Developers have had access for some time to MCUs that feature low-power operating states, shutting down peripherals and even the core itself to reduce system power requirements. For some applications, however, developers need more direct control over power utilization to ensure that portions of the system remain powered to meet key functional requirements. http://bit.ly/2qxcwtL
Designing an Internet-connected product requires many skillsets. Developers need to know how to write embedded software, build a circuit board, understand how to secure their device, and connect to a network to remotely update and manage their device. Building out the expertise and the infrastructure for a single IoT product can be challenging, time consuming, and expensive. Development teams require a way to jumpstart their development and minimize what they need to do in a typical design cycle in order to meet cost and time-to-market requirements. http://bit.ly/2qx4ktm
The antenna can contribute enormously to a system’s performance, but only if it is given due consideration early in the design process.
This article introduces popular antenna configurations such as the monopole and dipole, and discusses their performance characteristics and how to work with them in the real world. It also discusses newer antenna designs such as patch and chip antennas, and how they can help designers meet more demanding application requirements. http://bit.ly/2qwIMzJ
Digi-Key Feature Editor Murray Slovick describes HCL and introduces Infineon Technologies’ Arduino-compatible XMC1202 RGB LED Lighting Shield
As LED lighting systems mature, it is no longer sufficient to simply provide adequate brightness without glare. With research showing clearly that ambient light affects human biology, attention has now shifted to controlling the light source to affect human circadian rhythm, visual acuity, and even productivity. http://bit.ly/2pFy4nL
Digi-Key Editors Explain How To Take the Zero-Touch Approach to Securely Lock Down an IoT Device
The demonstrated ability of hackers to penetrate IoT devices says more about the level of security of these devices than the skill of the hackers: in most cases, the affected products lack the most basic security provisions. That said, basic security is simple conceptually, but its implementation requires careful attention at every node in a system to avoid vulnerabilities.
A pre-built security solution from Microchip Technology allows developers to implement zero-touch device provisioning in IoT applications built around the Amazon Web Services (AWS) IoT service. http://bit.ly/2pFnAVj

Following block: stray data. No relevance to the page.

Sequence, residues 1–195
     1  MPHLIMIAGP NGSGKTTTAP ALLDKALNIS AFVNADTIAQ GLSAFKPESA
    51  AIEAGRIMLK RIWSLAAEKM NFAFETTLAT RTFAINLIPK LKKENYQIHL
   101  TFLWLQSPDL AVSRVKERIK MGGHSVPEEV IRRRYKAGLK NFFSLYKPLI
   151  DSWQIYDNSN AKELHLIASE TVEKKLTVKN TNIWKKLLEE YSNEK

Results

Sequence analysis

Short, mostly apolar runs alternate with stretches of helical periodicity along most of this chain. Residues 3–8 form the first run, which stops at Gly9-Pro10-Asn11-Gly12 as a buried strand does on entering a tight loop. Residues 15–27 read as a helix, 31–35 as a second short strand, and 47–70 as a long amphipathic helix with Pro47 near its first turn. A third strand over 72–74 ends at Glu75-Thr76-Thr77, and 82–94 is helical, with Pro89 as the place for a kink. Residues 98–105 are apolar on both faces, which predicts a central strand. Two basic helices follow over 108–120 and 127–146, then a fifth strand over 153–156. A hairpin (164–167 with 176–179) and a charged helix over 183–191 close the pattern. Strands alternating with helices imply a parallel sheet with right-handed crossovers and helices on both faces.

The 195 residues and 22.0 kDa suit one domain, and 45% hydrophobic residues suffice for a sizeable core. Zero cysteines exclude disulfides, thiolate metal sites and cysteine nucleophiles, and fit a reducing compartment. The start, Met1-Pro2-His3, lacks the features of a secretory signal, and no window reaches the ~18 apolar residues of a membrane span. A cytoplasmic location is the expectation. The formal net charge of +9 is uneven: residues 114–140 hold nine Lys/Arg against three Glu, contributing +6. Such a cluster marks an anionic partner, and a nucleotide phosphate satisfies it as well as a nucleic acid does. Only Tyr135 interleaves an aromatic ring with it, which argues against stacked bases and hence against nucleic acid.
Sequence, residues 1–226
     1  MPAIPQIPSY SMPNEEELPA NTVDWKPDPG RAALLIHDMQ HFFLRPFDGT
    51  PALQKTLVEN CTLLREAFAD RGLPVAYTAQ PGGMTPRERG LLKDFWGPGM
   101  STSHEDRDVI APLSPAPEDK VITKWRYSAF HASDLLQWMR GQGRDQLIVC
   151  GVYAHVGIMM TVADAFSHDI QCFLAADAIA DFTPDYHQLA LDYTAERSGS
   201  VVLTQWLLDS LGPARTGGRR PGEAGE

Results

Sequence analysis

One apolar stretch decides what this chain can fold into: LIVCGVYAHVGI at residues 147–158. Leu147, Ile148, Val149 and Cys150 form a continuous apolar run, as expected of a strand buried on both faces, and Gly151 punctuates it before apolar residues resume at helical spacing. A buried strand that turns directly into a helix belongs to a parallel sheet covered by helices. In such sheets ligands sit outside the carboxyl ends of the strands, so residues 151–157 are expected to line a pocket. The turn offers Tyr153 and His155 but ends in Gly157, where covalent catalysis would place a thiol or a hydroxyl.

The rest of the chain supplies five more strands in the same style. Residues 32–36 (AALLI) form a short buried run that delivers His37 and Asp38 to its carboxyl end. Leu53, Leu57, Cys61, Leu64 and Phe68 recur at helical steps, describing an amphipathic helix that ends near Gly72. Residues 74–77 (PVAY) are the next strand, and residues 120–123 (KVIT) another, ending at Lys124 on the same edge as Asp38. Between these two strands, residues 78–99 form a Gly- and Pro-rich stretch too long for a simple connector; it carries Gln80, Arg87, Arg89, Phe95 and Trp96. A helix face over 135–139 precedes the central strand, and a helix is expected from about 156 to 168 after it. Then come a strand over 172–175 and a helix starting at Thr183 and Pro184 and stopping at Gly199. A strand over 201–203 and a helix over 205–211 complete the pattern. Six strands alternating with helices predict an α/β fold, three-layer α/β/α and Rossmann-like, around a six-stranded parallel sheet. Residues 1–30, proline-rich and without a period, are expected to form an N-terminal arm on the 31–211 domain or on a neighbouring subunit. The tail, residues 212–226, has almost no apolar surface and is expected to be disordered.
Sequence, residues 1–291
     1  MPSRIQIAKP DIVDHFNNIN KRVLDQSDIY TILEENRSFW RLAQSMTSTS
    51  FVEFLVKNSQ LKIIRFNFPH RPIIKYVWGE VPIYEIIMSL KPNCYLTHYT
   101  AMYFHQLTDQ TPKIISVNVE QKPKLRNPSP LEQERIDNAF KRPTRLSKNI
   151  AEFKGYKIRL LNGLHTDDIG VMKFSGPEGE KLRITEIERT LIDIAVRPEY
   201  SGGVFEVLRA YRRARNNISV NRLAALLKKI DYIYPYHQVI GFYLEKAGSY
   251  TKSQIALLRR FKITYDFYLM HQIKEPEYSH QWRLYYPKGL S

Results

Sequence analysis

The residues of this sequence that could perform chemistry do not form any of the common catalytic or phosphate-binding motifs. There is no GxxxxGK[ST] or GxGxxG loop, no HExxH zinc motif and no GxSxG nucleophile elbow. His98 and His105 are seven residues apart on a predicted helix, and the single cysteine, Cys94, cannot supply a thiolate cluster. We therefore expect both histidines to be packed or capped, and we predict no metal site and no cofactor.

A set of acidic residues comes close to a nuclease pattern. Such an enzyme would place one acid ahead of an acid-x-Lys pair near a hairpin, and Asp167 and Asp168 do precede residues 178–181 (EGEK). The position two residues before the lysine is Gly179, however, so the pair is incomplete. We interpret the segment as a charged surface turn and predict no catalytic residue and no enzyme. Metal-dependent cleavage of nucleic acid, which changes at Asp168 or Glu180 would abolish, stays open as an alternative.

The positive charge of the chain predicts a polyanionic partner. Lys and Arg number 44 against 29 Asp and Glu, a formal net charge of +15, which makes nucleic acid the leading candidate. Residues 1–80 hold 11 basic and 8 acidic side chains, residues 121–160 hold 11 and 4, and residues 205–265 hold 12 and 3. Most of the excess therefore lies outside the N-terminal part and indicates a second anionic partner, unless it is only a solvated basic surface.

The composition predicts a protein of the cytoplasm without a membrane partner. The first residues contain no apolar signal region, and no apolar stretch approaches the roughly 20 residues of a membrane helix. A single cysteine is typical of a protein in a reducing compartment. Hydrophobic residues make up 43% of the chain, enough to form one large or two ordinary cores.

The architecture for an Industrial Internet of Things (IIoT) application uses a large number of networked sensors and actuators to monitor and control industrial processes. In the Industrial Internet Reference Architecture this collection of smart connected elements is called the Edge Tier, and a typical Edge Tier node is located on or close to the machine it serves. http://bit.ly/2qsA8Ch
The Internet of Things (IoT) holds the promise of high-resolution data which can be analyzed for energy monitoring
Where energy metrology was once largely confined to the interface between the power utility and the customer facility, organizations are looking for more detailed information from individual machines and pieces of equipment. http://bit.ly/2plSqov
IoT hardware and software need not be difficult
Bluetooth-enabled IoT devices provide ready access to data through smartphones and other gateway devices. Still, the design of low-power, battery-operated IoT solutions remains challenging in terms of both wireless sensing as well as optimization of power-draining communications subsystems. For designers with ever tightening time-to-market windows, the design task needs to be simplified.http://bit.ly/2pZ8QQ5
Significant upgrades to Bluetooth low energy introduced through versions 4.1, 4.2 and 5 were designed to make the short-range wireless standard a better choice for Internet of things (IoT) wireless applications. Part 1 of this two-part series describes those upgrades and outlines their advantages. Part 2, here, introduces Bluetooth low energy SoCs, modules and kits, and discusses their relative tradeoffs as a design approach. By the end of the series, a competent designer should be comfortable starting a Bluetooth low energy design. http://bit.ly/2plKmnI
This article by contributing editor Paul Pickering, details how the development of wearable health and fitness devices can be shortened using the Maxim Integrated MAXREFDES100#, a production-ready reference design.
The wearable health, wellness, and fitness market is extremely fast-moving, with new products appearing almost weekly. The availability of low-cost, low-power microcontrollers and widespread wireless connectivity have helped spur a drive towards portability and the growth of a new market in personal fitness monitors. http://bit.ly/2puM82B